1. The theme which has been chosen by ONU Women for International Women’s Day in 2019 is: “Think equal, building smart, innovate for change” (« Penser équitablement, bâtir intelligemment, innover pour le changement »). This theme matches the strategic pillars which sustain FBCC’s operations: Innovation, Corporate Social Responsibility and Sustainability. In this context, what is ENGIE’s position in terms of principles and actions?
For the last 10 years, ENGIE has been working to foster equal opportunities for women within our organization, help them reach and build their potential. We launched both a dedicated mission and an internal network Women In Networking. They produced a lot of propositions, of course for equality in the workplace but also on other topics and they are discussed at the highest level of our company. It is a unique tool for innovation and corporate transformation.
Gender diversity in the workplace is closely measured and it is one of the non-financial metrics we make available to the public and the markets. Today our executive committee is 30% female and I have personally asked to reach this milestone in every single one of our 24 business units’ management teams.
Being proactive in gender equality has fostered a new corporate culture where diversity is valued. What women bring to our company cannot be ignored anymore.
2. What are the principal challenges, critical points or bottlenecks in building these changes; and what opportunities are revealed for Franco-Brazilian collaboration in fostering gender equality, inclusive and innovative societies, associating the productive sector and government/institutional authorities?
There is no simple way to reach real equality in our societies. We need progress at home, in the media, in the private sector, in government. We need to accustom our eyes to see more women in charge and in non-traditionally female roles. Women’s right have different history in France and in Brazil and we would be wise to know more about the way our respective societies are dealing with it. I’m glad women within our organization, wherever they are from, can share their experiences and ideas in Women In Networking. I welcome government involvement for a more balanced workplace but at ENGIE it is already in our DNA.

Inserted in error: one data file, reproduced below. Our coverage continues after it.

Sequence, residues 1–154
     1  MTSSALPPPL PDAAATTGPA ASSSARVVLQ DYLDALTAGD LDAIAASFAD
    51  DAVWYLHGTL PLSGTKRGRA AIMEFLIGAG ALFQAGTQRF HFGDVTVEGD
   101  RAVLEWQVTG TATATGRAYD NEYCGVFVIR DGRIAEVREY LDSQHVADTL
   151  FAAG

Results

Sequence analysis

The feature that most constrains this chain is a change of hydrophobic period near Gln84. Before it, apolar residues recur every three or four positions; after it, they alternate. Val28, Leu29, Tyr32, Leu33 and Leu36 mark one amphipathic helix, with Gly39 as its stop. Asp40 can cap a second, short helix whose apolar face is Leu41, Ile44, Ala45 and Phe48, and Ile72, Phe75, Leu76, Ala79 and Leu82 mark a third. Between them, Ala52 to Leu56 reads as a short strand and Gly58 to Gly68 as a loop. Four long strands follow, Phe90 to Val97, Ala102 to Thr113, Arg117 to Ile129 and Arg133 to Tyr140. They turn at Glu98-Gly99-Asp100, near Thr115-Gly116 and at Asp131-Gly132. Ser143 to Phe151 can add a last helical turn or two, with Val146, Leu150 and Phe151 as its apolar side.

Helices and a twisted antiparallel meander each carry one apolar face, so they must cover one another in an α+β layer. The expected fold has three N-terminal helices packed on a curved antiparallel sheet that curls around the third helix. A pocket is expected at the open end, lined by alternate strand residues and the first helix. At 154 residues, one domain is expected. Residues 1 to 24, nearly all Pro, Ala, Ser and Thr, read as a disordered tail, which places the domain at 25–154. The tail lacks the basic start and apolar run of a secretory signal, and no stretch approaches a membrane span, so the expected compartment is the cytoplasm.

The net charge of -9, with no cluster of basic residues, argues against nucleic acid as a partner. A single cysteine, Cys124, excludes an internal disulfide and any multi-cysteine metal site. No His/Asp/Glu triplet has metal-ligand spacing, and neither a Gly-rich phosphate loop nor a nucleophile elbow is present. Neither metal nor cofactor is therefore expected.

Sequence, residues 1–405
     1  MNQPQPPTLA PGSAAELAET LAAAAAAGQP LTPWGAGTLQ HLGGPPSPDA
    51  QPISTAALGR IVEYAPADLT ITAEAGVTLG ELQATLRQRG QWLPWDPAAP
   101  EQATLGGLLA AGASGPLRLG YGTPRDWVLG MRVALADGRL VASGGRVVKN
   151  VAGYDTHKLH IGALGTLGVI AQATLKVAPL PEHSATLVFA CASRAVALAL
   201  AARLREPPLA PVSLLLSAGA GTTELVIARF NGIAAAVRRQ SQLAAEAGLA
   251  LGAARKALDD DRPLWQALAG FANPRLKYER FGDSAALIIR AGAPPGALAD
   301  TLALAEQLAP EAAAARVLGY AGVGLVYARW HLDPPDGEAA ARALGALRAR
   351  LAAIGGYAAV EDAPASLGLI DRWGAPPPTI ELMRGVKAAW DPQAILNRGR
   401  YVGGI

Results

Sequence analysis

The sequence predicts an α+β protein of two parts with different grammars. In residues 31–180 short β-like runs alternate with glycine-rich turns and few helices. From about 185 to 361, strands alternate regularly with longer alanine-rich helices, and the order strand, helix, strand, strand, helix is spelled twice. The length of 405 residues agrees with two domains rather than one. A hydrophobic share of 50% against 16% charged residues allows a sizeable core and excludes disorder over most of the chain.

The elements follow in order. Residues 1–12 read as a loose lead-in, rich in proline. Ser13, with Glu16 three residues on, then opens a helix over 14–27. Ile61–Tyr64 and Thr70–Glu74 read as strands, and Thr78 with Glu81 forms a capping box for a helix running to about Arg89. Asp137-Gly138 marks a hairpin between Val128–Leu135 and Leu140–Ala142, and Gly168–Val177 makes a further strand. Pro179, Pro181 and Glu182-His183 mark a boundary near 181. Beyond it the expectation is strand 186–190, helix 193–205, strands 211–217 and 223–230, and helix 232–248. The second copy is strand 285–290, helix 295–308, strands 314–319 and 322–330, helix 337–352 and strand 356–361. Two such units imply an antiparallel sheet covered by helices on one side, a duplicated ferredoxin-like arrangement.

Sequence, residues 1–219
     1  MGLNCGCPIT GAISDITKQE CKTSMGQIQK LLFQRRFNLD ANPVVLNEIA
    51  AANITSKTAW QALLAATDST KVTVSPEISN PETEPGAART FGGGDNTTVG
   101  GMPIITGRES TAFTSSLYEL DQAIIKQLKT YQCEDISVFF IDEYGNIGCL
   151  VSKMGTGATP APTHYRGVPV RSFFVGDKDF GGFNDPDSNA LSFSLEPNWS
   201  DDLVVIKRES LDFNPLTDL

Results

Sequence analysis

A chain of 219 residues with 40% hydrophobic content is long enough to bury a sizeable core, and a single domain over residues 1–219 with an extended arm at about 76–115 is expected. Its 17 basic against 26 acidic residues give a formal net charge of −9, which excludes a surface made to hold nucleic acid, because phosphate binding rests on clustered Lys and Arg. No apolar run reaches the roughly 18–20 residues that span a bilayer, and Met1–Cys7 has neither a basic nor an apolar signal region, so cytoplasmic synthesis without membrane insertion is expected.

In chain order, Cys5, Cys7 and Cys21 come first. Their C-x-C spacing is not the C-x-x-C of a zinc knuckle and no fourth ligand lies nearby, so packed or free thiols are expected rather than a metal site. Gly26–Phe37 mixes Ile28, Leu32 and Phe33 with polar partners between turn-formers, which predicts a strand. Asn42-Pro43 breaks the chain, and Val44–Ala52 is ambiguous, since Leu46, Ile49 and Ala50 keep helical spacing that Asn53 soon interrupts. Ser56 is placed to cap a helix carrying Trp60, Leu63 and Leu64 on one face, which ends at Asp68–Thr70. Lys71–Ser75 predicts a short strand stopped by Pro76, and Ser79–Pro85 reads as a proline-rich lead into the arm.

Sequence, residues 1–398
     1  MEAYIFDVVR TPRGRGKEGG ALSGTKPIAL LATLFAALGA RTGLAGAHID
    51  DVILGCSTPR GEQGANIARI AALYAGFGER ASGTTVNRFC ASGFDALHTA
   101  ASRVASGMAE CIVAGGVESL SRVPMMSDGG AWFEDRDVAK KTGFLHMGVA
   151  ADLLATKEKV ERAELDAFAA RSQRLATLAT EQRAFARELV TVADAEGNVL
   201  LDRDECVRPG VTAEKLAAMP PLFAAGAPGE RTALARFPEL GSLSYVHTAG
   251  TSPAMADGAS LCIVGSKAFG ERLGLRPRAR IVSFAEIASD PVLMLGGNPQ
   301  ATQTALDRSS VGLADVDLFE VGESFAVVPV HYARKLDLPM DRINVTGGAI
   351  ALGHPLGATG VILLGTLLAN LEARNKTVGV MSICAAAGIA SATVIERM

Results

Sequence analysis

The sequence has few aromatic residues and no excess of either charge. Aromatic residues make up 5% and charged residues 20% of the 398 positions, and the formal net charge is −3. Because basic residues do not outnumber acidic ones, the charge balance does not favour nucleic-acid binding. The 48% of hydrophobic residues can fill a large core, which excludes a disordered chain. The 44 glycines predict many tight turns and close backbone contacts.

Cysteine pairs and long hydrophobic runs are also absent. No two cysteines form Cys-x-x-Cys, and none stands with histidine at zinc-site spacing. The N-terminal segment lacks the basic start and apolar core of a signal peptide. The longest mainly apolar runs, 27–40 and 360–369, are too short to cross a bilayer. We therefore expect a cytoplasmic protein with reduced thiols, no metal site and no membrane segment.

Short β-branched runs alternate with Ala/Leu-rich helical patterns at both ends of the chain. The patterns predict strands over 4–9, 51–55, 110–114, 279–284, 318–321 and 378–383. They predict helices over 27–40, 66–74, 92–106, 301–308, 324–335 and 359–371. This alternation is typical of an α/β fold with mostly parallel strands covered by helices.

3. Aspirations are projections for positive transformation, and work as drivers of motivation and engagement. What would be the 3 key words you would choose for translating these aspirations on this International Women’s Day?
First: Innovation. You never get too much of it. Our world has so many challenges to deal with, especially climate change and development, we can not bear the price of not listening properly to half the population. It perfectly fits #BalanceforBetter, the theme of this year’s IWD.
Second: Sharing. Women need to share more of their experiences. Most of us have a tendency to deflect on the obstacles we had to overcome, we see them as part of the job, business as usual, while they are not. We need to identify and confront them. We also need to share across cultures, as I’m glad the France-Brazil Chamber of Commerce is doing.
And third: Empowerment. Women have to accept to take more responsibilities within their organization. Self-censorship is surely an issue. Women need to see that their abilities are valued and respected. Whatever some may think, they are fully equipped to climb the corporate ladder.
Isabelle Kocher is graduated from Ecole Normale Supérieure (Ulm) and Mines Paristech engineering school. She holds as well a Master Degree in Quantum Optics as well as a Postgraduate Certificate in Physics.
(Photo: ENGIE LA COMPANY – LAISNE THOMAS)